It is compact and self contained. With it, the use of the galvanic current With its chemical or polar eiiects becomes a pleasure to both patient and operator and notas in the past, something to be avoided if possible.

Electrodes 7, 8 and 9 are for use Vin all rectal, vaginal and pelvic disorders in which electricity in some form is indicated.

The inside of this electrode `Which comes in contact With the solution used, may be protected by an asphal-tum compound With Which vit' is coated, from the chemical and electrolytic actionoil the compounds liberated by the action of the electric current or the liquids and cannot corrode or attack its Walls.

No air pockets can remain Within the membrane as all the air is displaced by the liquid and drained to the outside thru air outlet tube and valve 25 thereby insuring the complete surrounding of the electrode by the liquid used thus leaving no bare untreated areas and producing uniformly .gratifying results.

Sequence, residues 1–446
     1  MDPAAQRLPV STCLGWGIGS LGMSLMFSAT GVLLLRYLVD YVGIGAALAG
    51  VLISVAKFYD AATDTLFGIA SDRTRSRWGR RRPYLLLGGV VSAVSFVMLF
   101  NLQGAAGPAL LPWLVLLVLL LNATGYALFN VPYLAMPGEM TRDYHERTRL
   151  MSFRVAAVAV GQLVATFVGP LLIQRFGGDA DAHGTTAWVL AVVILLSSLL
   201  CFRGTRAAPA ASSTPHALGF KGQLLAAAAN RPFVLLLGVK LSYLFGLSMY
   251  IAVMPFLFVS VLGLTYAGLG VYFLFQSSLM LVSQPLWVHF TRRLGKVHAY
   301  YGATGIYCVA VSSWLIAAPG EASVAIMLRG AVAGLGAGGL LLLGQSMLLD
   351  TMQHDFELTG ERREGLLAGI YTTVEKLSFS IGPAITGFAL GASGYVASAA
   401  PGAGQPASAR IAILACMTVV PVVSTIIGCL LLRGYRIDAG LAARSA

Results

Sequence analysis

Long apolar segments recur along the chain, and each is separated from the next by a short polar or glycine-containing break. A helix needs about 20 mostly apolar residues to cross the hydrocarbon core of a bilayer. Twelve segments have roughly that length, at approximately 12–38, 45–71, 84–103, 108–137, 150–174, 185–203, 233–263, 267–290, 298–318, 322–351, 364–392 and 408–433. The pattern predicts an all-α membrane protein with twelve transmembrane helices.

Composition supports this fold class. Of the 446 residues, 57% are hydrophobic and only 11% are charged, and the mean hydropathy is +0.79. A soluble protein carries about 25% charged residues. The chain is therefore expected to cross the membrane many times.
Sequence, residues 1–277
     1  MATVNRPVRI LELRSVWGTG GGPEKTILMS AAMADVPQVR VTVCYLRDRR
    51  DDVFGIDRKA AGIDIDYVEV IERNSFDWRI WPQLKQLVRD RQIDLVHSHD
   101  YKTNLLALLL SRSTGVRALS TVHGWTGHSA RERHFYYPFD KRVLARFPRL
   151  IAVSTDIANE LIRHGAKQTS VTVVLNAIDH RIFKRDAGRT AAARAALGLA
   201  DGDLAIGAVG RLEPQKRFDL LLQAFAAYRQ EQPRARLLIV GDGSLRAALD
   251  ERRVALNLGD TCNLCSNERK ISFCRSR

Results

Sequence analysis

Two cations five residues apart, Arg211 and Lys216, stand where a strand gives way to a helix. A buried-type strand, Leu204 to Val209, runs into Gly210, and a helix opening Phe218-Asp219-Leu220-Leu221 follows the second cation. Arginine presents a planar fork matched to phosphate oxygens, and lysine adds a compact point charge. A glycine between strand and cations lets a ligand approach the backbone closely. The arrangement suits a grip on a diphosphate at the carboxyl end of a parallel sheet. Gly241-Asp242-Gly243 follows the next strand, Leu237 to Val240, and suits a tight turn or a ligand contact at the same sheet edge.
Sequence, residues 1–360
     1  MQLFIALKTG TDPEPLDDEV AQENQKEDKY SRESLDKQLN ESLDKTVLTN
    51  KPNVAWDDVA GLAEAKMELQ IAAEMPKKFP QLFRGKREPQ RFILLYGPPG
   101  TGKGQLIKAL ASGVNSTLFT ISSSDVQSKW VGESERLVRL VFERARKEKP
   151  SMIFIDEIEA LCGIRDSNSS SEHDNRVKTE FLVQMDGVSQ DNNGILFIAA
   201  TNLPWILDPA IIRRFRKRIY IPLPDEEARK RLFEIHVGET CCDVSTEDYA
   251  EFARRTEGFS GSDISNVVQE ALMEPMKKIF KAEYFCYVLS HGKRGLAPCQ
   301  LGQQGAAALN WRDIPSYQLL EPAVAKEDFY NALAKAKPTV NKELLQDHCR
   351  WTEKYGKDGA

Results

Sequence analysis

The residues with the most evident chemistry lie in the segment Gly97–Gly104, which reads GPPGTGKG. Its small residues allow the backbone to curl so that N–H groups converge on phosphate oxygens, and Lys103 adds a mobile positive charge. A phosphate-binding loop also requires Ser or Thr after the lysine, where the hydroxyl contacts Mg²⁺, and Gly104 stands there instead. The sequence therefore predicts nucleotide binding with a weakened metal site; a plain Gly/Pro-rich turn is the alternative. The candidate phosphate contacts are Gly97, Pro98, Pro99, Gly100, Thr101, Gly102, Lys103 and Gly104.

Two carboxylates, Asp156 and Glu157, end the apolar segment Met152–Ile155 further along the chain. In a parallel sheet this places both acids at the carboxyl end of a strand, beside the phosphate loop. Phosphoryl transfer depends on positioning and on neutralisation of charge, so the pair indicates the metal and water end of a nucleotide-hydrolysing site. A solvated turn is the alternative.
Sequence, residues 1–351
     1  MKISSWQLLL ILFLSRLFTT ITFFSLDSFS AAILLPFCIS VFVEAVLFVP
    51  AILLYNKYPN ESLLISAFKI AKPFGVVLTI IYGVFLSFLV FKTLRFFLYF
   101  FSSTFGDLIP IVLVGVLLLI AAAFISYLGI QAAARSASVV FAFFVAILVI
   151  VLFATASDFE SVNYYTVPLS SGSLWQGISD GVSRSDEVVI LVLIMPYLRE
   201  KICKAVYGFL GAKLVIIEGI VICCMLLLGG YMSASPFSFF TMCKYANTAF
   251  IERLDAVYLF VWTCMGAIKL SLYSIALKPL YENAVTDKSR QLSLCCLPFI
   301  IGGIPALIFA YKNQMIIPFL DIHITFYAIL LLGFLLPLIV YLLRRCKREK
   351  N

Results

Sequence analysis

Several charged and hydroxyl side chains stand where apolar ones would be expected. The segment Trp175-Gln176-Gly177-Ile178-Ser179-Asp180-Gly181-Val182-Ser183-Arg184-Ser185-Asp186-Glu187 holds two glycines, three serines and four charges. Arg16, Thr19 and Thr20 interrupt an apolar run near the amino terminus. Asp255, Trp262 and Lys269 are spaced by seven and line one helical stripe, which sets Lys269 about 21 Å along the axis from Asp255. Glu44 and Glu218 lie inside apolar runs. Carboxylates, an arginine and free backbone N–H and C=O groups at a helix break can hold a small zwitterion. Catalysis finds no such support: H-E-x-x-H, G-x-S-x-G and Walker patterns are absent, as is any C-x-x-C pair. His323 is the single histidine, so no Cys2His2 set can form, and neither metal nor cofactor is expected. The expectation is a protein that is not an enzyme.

I claim: v

1. A cataphoric electrode comprising a .conducting tube provided with a perforated -tip Y having a flexible permeable covering, means to supply liquid into the tube and tip, and an .air vent from the interior of the tip.

2. A cataphoric electrode 'as in claim 1, the

covering consisting of absorbent material land an outer flexible skin.

3. A lcataphoric electrode ras in Aclaim 1, .the

air vent and liquid supply means having ciitofi1 valves to trap the liquid in the instrument. 4. A cataphoric electrode as in claim 1,1the

air ventcomprising a tube extending through the conducting tube and into the tip.

5. A cataphoric electrode comprising a hollow casting having .a liquid supply inlet Aand an air vent, a conducting tube progecting from said casting and provided at its front end with a hollow perforated metallic tip, anda flexible permeable covering on said tip.

6. A ca'taphoric electrode comprising a .hollow casting having an insulated handle, a liq- A' uid supply, an air vent, and an electrical connection, a conducting tube projecting from said casting a perforated hollori metal tip fon the front end of said tube, and a flexible permeable covering on the tip.

ture.

CHARLES I". HONEY.

In testimony whereof, I do aliix my signa-

Referenced by
Citing PatentFiling datePublication dateApplicantTitle
US2484290 *Jul 20, 1945Oct 11, 1949Handel Stanley TDevice for feminine hygiene